Tolkien’s ‘Cat’ is a fairly simple poem that can be found in The Lord of the Rings. It was composed by the character Samwise Gamgee, best friend and traveling companion to Frodo Baggins. The content includes a discussion of drams and the nature of a house cat. The first lines read:

The fat cat on the mat

   may seem to dream

of nice mice that suffice

   for him, or cream;

but he free, maybe,

   walks in thought

unbowed, proud, where loud

   roared and fought

his kin, lean and slim,

   or deep in den

in the East feasted on beasts

   and tender men.

Read more J.R.R. Tolkien poems


What does content mean in literature? 

The content is everything the author includes in their book, story, essay, or poem. This ranges from the characterization to plot, setting, and resolution. The only things not included in content are the elements of form or how the literary work is structured. 

What is content in a poem? 

A poem’s content is what the poem is about and what the author includes in the lines. This could be dialogue, descriptions, meditations on a specific theme, and more.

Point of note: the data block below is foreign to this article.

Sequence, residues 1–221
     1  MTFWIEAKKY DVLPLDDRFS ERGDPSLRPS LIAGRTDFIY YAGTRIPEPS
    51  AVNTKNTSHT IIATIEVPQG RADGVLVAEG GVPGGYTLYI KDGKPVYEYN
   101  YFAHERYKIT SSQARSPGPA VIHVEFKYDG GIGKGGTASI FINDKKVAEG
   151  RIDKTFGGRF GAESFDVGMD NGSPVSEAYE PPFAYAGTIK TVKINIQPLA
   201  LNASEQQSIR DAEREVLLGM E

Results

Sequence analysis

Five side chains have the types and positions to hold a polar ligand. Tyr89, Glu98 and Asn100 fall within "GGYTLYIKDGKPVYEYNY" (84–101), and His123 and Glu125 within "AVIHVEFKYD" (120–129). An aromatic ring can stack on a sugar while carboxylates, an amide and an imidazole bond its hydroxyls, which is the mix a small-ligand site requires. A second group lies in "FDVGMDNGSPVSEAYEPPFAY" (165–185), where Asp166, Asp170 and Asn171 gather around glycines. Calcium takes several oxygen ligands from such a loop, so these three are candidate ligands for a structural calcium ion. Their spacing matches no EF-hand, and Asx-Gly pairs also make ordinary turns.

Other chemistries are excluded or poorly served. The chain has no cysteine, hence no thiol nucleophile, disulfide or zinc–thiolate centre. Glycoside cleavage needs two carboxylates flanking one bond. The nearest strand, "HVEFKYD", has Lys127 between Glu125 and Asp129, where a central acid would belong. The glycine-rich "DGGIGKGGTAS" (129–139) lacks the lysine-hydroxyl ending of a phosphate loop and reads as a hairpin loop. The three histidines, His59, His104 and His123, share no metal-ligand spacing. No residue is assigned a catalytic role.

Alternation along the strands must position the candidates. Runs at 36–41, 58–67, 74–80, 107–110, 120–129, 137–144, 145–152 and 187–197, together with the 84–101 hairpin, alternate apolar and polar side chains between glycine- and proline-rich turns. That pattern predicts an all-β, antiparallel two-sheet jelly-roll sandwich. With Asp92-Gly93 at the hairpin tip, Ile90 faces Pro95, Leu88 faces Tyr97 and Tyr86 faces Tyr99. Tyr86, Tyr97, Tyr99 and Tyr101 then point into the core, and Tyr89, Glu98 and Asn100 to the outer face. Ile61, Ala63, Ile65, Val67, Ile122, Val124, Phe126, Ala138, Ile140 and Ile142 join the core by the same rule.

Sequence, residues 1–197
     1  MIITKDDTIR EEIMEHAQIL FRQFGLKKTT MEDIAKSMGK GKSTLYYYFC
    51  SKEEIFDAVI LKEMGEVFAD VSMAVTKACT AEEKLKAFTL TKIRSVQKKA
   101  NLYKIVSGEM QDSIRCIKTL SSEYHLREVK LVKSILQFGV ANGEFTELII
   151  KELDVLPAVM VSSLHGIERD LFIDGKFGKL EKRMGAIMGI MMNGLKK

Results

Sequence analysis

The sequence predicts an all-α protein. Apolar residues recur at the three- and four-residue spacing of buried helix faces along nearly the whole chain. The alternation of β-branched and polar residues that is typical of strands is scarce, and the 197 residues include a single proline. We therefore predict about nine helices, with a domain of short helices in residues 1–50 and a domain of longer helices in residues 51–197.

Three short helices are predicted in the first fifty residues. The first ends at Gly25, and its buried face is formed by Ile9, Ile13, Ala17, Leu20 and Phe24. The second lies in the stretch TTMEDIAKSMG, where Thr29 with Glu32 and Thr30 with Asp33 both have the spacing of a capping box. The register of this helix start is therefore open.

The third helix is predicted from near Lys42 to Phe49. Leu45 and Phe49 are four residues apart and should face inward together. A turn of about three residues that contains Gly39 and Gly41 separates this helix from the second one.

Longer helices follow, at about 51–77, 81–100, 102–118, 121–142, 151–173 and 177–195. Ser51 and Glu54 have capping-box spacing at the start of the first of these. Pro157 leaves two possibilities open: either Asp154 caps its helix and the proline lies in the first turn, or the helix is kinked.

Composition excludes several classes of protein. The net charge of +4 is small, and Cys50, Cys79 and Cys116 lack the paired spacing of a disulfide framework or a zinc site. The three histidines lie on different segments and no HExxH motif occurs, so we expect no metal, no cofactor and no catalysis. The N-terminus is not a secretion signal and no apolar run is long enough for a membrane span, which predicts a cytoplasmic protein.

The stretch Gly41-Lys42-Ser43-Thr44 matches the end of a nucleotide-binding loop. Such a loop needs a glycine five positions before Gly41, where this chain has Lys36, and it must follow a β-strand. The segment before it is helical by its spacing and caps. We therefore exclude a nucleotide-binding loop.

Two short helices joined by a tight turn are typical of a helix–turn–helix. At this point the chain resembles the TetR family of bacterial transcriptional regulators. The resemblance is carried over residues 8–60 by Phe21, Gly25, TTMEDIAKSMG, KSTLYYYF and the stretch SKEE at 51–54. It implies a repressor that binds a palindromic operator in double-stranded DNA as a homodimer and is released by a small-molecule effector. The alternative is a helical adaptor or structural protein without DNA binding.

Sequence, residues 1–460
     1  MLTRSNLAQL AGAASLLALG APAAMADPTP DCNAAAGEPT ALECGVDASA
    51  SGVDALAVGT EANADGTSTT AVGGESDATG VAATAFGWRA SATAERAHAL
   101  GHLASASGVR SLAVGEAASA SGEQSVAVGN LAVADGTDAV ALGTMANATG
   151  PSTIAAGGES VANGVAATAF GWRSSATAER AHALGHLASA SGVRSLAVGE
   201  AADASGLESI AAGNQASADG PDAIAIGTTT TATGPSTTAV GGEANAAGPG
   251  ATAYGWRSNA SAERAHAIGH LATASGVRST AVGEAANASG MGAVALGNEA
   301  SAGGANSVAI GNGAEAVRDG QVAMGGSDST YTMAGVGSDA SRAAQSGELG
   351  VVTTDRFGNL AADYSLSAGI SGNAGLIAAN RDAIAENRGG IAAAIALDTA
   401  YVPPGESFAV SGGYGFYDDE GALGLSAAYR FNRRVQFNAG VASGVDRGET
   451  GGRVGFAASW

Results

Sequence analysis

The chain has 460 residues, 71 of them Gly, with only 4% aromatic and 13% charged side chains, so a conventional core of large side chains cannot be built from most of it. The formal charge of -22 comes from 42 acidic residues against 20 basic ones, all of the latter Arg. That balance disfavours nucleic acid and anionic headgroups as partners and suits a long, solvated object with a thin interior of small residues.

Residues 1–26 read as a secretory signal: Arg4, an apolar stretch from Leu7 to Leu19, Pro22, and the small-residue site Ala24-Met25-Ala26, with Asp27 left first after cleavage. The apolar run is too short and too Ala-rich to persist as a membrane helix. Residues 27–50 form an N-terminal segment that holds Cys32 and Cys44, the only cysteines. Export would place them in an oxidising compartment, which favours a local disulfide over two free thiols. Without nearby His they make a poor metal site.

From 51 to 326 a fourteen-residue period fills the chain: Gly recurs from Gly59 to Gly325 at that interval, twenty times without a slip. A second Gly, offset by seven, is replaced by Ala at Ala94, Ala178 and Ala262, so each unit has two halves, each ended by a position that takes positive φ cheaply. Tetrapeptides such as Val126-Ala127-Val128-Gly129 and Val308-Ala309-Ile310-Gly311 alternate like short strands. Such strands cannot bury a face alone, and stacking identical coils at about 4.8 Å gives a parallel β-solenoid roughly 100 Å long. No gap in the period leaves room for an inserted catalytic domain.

What are the elements of content in literature? 

Some of the many elements of content in literature are dialogue, setting, exposition, conflict, plot, characterization, resolution, moral, theme, and resolution.

What is important about content in poetry? 

A poem is defined by its content. Without content, there is no poem. It is everything that the author includes in their verse, except the form. 

Related Literary Terms 

  • Rising Action: comes after the exposition and before the climax. It includes the complicating or inciting incident.
  • Resolution: the parts of the narrative that bring the story to a close.
  • Short Story: a piece of writing with a narrative that’s shorter than a novel. These stories usually only take one sitting to read.
  • Rising Action: comes after the exposition and before the climax. It includes the complicating or inciting incident.
  • Novel: a long, written, fictional narrative that includes some amount of realism.